7. Avoid alcohol.

If you’re having a drink or two every day, keep in mind that even low to moderate levels of alcohol use have a negative impact on your brain. A study examining the effects of chronic alcohol consumption at low to moderate amounts showed decreases in grey and white matter in the brain and brain shrinkage. Additionally, alcohol lowers the ability to think clearly and make sound choices and can lead to more toxic interactions with others. If saying no to alcohol is challenging, use these tips to help communicate clearly. Find new mocktails or infused water to make, and remember, it’s always OK to stay hydrated by sipping on water at a holiday party!

8. Stick to talking about the weather or sports.

Avoid controversial conversations that could get heated. Speaking about political or newsworthy events is beneficial to rally together and effect change but can lead to toxic interactions if opinions are not respected. Avoid topics that are likely to cause division. If someone else brings up a contentious political topic, set a boundary such as “I’m going to keep our conversation to things other than politics” and ask about their children, pets, job, favorite sports team, hobby, or next vacation. Neutral conversation and asking people questions about themselves can keep you out of the hot seat. Keep in mind that some people with ADD/ADHD can get a rush from arguments; it is important not to engage and avoid toxic talk.

9. Get creative with gifts.

Buying gifts can be a major source of financial stress. Get past the pressure of buying lavish presents in high quantity for your loved ones, and instead offer loving acts such as babysitting, dog sitting, or making healthy treats. Purchase a gift card for groceries or gasoline. If you are ambitious or crafty, make a recipe book, photo album, or draw something special. Plan a special day outdoors, go to a museum, make a music playlist, or write a meaningful letter to those you love. Ideas that are free or inexpensive abound and as a bonus, using your creativity can help calm you down. World-renowned psychologist Mihaly Csikszentmihalyi coined the term “flow,” which relates to a state of happiness found when we are doing things we love, including creative endeavors.

10. Seek solitude.

Spending time with friends, family, and co-workers, and being in the mix of the holiday chaos at retail and grocery stores can lead to a state of overstimulation and overwhelm. Whether you’re an introvert or extrovert, solitude is an important way to recharge and get quiet. Data from a 2021 study published in the journal Frontiers in Psychology show an increase in self-connection, a sense of autonomy, and self-reliance as a direct connection to solitude.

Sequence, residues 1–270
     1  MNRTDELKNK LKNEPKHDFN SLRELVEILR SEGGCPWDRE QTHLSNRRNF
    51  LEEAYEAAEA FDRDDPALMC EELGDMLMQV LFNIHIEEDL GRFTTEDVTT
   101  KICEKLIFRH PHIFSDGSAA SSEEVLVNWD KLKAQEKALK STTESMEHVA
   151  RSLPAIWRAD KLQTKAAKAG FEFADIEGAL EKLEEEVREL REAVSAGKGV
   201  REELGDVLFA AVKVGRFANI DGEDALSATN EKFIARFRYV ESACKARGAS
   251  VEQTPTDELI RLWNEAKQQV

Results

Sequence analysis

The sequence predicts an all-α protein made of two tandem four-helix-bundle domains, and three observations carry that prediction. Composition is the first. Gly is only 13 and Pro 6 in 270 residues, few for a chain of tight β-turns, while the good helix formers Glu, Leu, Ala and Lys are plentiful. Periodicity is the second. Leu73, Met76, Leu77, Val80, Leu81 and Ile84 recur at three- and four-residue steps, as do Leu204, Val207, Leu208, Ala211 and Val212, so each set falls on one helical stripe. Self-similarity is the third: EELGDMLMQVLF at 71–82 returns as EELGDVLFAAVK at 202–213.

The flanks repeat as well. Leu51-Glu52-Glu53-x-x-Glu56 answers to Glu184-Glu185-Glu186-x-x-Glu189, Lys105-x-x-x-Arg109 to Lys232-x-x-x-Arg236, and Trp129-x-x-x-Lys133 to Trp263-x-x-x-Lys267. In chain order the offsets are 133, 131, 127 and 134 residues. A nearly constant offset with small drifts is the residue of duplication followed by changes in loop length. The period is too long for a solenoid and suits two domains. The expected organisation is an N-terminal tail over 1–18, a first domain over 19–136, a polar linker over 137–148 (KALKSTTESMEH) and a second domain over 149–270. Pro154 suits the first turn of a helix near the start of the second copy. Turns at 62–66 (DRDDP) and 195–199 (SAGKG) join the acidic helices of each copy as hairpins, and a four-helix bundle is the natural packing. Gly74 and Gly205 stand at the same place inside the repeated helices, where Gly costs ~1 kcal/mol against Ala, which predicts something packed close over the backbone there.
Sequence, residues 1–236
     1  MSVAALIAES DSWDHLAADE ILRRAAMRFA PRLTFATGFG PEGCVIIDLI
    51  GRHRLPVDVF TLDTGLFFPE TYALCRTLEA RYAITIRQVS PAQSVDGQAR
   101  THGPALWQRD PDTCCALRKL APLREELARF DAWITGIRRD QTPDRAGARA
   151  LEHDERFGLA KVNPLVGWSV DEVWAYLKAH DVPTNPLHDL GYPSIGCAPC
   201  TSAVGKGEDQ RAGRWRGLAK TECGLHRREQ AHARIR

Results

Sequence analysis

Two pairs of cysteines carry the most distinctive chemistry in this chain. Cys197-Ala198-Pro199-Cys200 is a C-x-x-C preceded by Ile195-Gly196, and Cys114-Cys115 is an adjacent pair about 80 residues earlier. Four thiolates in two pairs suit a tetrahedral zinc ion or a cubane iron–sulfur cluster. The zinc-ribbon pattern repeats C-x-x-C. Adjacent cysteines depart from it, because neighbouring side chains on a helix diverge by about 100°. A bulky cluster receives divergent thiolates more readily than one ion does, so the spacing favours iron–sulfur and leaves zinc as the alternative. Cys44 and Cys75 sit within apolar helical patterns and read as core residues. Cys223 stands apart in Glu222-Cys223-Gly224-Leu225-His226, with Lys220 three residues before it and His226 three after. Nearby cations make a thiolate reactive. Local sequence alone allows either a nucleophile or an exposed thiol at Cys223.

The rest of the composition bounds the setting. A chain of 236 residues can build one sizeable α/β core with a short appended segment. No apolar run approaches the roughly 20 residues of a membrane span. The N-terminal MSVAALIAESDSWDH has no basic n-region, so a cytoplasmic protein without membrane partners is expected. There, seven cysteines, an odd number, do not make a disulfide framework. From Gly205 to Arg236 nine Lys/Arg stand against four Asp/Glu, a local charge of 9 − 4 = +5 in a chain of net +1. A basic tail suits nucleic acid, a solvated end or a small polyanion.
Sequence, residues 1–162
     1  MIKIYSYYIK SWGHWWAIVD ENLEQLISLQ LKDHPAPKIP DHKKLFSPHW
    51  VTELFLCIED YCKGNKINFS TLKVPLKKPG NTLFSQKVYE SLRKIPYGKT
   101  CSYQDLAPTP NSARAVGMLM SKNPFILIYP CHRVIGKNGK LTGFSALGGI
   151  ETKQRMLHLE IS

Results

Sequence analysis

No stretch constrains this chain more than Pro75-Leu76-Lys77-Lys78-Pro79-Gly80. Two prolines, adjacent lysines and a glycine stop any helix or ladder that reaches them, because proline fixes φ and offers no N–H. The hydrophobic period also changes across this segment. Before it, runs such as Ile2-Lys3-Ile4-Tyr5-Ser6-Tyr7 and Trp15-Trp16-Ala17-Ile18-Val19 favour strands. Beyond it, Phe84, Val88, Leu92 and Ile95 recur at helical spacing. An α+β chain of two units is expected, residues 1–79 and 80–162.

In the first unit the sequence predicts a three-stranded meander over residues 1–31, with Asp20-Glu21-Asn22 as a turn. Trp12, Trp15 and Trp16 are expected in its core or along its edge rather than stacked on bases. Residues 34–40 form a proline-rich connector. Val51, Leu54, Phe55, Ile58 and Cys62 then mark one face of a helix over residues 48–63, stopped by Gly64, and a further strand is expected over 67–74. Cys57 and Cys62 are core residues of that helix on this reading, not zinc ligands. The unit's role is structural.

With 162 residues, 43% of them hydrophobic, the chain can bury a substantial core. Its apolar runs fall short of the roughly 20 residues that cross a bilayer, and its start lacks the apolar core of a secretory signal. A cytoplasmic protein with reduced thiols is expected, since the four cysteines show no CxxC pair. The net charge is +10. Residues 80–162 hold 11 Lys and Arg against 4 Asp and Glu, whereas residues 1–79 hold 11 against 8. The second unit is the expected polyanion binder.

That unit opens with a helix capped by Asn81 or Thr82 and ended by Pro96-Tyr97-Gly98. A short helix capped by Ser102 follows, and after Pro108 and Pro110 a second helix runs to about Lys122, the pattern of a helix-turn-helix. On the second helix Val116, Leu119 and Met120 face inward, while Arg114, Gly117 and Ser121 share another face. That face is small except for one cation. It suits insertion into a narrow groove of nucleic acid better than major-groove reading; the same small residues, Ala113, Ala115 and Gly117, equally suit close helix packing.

11. Breathe.

There are myriad breathing exercises to calm the nervous system and exploring those is a great way to find out what works best for you. Getting more oxygen into our bloodstream is extremely beneficial to slow down racing thoughts, regulate mood, and reset an overall state of being from stressed to relaxed. Diaphragmatic breathing is a great one to try, as is breathing from your belly, through your nose, and out through your mouth. As you breathe deeply, consciously relax tense areas of your body. Use this kind of breathwork to complement meditation and practice it anywhere, anytime.

Anxiety, depression, emotional trauma, and other mental health issues can’t wait. At Amen Clinics, we’re here for you. We offer in-clinic brain scanning and appointments, as well as mental telehealth, clinical evaluations, and therapy for adults, teens, children, and couples. Find out more by speaking to a specialist today at 888-288-9834 or visit our contact page here.


  1. Dr Amen thank you for your emails. This was especially helpful to me. See the whole person not just their problematic behavior. My adult kids. Breathing to 4. Pause twice. Then exhale to 8 helps a lot. And meditation. I'm a perfectionist. I'm an artist. Attention to detail is what I'm known for. I was an Art teacher planning classes for 520 students a week. Art shows. Published poet. And very frustrated writer now. I had the blues last week on my anniversary date. I'm not usually like this. I love Christmas. There are toxic relatives who will never change. Being forgotten isn't easy to live with. It got to me again. My husband's family and my family and my daughter.
    Your feedback is most appreciated. Journalling helps a writer the most. Thanks again for being there. I love all your shows too. Merry Christmas. Happy Holidays

    Comment by Donna M Hopcraft — December 19, 2022 @ 6:30 AM

  2. Thank you for your caring, healthy, practical ways to keep healthy during the holidays. God bless you.

    Comment by Jean — December 19, 2022 @ 7:13 AM

  3. great advice!

    Comment by Douglas Morris — December 20, 2022 @ 2:20 PM

  4. Suffered a panic attack when my mom passed away in 2001, recovered months later. Hit with another stressor and got a panic attack while driving my child. Recovered weeks later, but won’t drive the freeway anymore. Third episode going on 2 weeks now. Usually more anxious before my period (43yr old). I have 2 teens a one 5 year old so I need help managing anxiety. Especially while driving, I’ve been avoiding driving for 2 weeks. Any advice? Not driving is not an option. Thanks

    Comment by Lorena Casillas — December 22, 2022 @ 11:33 AM